For most of the time we lived in VA, we all schooled roughly in the same area. Our house had a dining room that was open to our living room, and then across the foyer was a "study" that we had turned into a toy room for little ones. It had a real kids' tent filled with stuffed animals, tons of books, lots of toys - even their play kitchen. Kids worked at the dining room table, on the floor (carpet), or on the couches. I sat on a couch in the living room and had view of everyone at the same time. Books were stored either in the dining room sideboard, on top of it, or on bookcases throughout. This is when we went from having three schooling to having five schooling, and it worked beautifully. Nothing was fancy in the house at all - it was simply practical to have the toys and school stuff where we needed it. Over time, the oldest three would often go off to their own rooms or to the rear family room for periods of time, but they were pretty good about staying on task at that point (ages 11-15)

        Our new house has a room off the kitchen with bookshelves and lower cupboards from floor to ceiling on one wall. We put one bookcase in there and together, everything school-related fits. We put our kids desks in the middle of the room (plain Jane black desks from Ikea - $20 each) and the kid-size dry erase easel in there. The kitchen table is just a hop, skip, and a jump away...with the family room just a bit past that. So again, I can have people in various places but have visuals on all of them. We also have a front study that has a desk with a computer and the piano...so the older kids go in there to work, watch video lessons, or practice piano. I notice my oldest daughter floats from place to place - she likes variety. My second oldest works at the desk in the study, or the desks in the school room. Plus he spends a lot of time outside or on the piano. I give them pretty free reign because they keep up on their work. It took me a while to mentally remember to check in on them (like - a WHOLE YEAR) because if something is out of sight, I forget about it in a snap. But last year I got better at it, and I am hoping this year I will continue to improve. 12 yrs and down they all stay somewhere where I can see them and it works great - NOT all at the same table (because they will easily distract each other) but spread out in many places seems to work really well if you can do it. I do have my two littlest at elbow's reach at the table while they school.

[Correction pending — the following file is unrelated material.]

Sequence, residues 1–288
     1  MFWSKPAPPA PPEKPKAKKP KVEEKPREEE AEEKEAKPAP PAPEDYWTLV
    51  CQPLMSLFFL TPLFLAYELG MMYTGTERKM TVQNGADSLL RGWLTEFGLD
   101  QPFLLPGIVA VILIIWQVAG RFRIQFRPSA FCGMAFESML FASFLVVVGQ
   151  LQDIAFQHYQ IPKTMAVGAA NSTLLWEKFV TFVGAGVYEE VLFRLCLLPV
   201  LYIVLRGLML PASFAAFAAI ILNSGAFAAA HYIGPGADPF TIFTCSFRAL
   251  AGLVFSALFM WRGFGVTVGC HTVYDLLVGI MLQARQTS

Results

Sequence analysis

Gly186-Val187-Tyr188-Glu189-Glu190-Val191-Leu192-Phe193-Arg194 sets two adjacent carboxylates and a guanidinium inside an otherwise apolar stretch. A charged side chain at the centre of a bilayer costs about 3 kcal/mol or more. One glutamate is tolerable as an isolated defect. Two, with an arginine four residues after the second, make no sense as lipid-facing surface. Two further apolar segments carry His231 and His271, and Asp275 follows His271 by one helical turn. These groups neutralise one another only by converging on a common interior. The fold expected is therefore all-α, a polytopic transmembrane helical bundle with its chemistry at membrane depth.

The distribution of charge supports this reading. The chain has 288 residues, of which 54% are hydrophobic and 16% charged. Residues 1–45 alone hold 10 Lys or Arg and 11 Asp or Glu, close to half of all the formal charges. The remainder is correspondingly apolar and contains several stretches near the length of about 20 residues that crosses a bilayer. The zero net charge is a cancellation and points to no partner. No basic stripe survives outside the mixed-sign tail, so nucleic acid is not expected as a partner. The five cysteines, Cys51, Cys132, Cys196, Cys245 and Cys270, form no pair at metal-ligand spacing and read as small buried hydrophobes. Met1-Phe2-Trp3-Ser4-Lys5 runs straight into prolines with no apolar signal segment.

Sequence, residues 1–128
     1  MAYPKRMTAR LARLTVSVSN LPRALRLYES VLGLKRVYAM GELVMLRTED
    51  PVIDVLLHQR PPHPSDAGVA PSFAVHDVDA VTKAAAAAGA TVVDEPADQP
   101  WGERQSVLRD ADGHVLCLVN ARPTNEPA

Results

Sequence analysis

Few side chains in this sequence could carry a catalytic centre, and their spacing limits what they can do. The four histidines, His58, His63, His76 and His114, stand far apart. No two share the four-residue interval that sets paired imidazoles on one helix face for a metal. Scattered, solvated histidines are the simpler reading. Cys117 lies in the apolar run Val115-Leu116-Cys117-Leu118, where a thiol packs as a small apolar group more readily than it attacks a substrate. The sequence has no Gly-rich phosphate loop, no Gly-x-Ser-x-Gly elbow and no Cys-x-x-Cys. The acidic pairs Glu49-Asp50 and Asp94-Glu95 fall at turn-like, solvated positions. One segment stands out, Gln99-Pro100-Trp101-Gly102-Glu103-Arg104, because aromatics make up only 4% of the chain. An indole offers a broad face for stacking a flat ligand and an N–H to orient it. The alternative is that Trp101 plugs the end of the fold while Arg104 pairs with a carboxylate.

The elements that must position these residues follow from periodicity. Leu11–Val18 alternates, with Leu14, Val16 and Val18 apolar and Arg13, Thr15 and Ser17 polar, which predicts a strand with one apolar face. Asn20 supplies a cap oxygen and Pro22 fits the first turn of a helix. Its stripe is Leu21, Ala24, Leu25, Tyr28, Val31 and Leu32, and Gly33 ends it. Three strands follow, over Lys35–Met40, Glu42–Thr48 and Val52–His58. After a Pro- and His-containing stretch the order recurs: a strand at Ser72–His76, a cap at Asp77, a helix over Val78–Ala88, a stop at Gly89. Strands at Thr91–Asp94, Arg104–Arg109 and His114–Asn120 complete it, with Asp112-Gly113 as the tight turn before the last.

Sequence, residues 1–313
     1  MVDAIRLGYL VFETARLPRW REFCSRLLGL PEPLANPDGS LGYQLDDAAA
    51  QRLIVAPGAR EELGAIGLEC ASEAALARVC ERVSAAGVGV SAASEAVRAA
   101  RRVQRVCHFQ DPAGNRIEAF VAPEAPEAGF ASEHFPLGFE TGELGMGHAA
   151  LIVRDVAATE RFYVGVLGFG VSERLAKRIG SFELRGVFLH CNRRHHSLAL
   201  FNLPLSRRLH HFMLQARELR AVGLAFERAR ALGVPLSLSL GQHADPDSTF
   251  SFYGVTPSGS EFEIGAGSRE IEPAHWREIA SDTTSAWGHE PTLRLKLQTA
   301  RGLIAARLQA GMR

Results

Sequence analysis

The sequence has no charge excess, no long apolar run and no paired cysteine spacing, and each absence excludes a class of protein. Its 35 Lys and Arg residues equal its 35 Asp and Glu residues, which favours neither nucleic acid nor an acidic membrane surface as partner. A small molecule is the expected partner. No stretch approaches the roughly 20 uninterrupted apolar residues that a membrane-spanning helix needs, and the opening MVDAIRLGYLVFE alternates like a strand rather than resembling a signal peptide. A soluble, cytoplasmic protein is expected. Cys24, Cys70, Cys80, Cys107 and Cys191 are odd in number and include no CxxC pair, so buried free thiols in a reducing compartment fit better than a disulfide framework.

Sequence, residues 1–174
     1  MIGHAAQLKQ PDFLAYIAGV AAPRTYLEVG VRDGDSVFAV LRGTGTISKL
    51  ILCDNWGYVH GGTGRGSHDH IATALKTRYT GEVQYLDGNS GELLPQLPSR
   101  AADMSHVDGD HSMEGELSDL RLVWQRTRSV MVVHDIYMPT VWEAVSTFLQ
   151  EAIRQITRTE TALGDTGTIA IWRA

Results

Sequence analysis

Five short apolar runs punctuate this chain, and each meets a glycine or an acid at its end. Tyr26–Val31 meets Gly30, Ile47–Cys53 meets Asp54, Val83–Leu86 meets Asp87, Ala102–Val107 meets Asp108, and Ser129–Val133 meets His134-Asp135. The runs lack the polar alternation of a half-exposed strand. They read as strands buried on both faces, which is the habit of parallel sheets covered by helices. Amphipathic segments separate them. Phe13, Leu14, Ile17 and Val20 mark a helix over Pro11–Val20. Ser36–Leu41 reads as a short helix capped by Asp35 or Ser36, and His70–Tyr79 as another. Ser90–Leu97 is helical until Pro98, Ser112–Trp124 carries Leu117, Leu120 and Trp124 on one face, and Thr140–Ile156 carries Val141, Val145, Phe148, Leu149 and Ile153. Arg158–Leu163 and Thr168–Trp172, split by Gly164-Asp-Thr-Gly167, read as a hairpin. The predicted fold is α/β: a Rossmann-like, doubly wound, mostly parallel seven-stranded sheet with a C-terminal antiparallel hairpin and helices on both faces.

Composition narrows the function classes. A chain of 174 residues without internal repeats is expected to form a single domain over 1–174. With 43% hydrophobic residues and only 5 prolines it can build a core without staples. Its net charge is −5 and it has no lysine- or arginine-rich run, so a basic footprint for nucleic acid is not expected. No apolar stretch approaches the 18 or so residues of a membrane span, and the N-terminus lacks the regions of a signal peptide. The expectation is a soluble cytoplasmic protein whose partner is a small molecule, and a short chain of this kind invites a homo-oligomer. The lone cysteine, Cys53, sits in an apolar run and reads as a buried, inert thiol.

And yes - mess happens. But mess makes dh nutty - not a peaceful way to return home after a long day. So while I am making dinner, there are usually kids who have been given specific rooms to tidy up, and I try to rotate between who does what from day to day. Thankfully all the toys are in a bonus room upstairs that my dh would have to purposely walk into to see - so the main areas stay pretty good. It's just school pick-up.

        In my experience, so much of the daily routine depends on the house in which you live. Our priorities have usually stayed the same - you have to be in my sight until you can prove that you can handle being out of it; house gets tidied up before dad comes home; you don't get to irritate each other at the table; etc. But we have tweaked the arrangements based on what was available in each house. If you are regularly hitting snags of frustration, fix it. That is what prompted me to turn our old "study" into a dedicated toy room. It was what we needed at the time. You cannot add rooms to your house, but if you can figure out ways to make what you have become more efficient and helpful, it is worth the time you give to it.

        But nothing is perfect either. Last night I was finishing with my fifth grader, while my 8 year old and 14 year old were sitting and waiting for me - and messing with each other. Totally good humored, but totally making my fifth grader laugh (she can't resist it) and totally driving me nuts at the very end of the day, with dinner still yet to do! ARGH! But we get through it - sometimes ploughing on, sometimes giving up and saying, "Enough!" for today.

        Hang in there - I hope you figure out a system that works for this year and many folks on here are more creative than I when it comes to this sort of thing!
        AMDG,
        Sarah
        2020-2021
        16th Year HSing; 10th Year with MP
        DD, 19, Homeschool grad; college sophomore
        DS, 16
        DD, 14
        DD, 12
        DD, 10
        DD, 8
        DD, 6
        +DS+
        DS, 2

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          #5
          Re: Where do you school?

          I only have three children. *I'll wait while you all stop laughing at the slacker family*